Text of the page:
“He’s not safe, but he is good”

I’m quite ashamed to admit that I’d never read Narnia. I can see why it’s so popular, now that I’ve begun.

I love the way Lewis describes Aslan:

“Ooh!” said Susan,”I’d thought he was a man. Is he quite safe? I shall feel rather nervous about meeting a lion.”

“That you will dearie, and no mistake,” said Mrs Beaver, “if there’s anyone who can appear before Aslan without their knees knocking, they’re either braver than most or else just silly.”

“Then he isn’t safe?” said Lucy.

“Safe?” said Mr Beaver, “don’t you hear what Mrs Beaver tells you? Who said anything about safe? ‘Course he isn’t safe. But he’s good. He’s the King, I tell you.”

I was also tickled by this little exchange between the older children and the Professor:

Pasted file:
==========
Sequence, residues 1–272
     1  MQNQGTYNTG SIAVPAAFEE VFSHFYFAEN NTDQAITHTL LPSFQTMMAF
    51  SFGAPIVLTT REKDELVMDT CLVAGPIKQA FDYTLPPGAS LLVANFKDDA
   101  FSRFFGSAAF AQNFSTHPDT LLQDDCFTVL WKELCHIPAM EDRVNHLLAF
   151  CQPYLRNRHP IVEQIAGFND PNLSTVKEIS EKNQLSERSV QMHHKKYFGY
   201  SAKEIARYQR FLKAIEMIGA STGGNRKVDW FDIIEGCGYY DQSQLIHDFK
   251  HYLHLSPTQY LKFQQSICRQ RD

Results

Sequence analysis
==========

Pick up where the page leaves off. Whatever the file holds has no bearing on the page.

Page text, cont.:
“But how could it be true, sir?” said Peter.

“Why do you say that?” asked the Professor.

“Well, for one thing,” said Peter, “if it was true why doesn’t everyone find this country every time they go to the wardrobe? I mean, there was nothing there when we looked; even Lucy didn’t pretend there was.”

“What has that to do with it?” said the Professor.

“Well, sir, if things are real, they’re there all the time.”

“Are they?” said the Professor; and Peter didn’t know quite what to say.

One response to ““He’s not safe, but he is good””

  1. […] logic and strawmen.  But, as I said at the start, it does show that you can’t try and ‘tame‘ Jesus – he doesn’t leave us the option of simply thinking him a good moral […]

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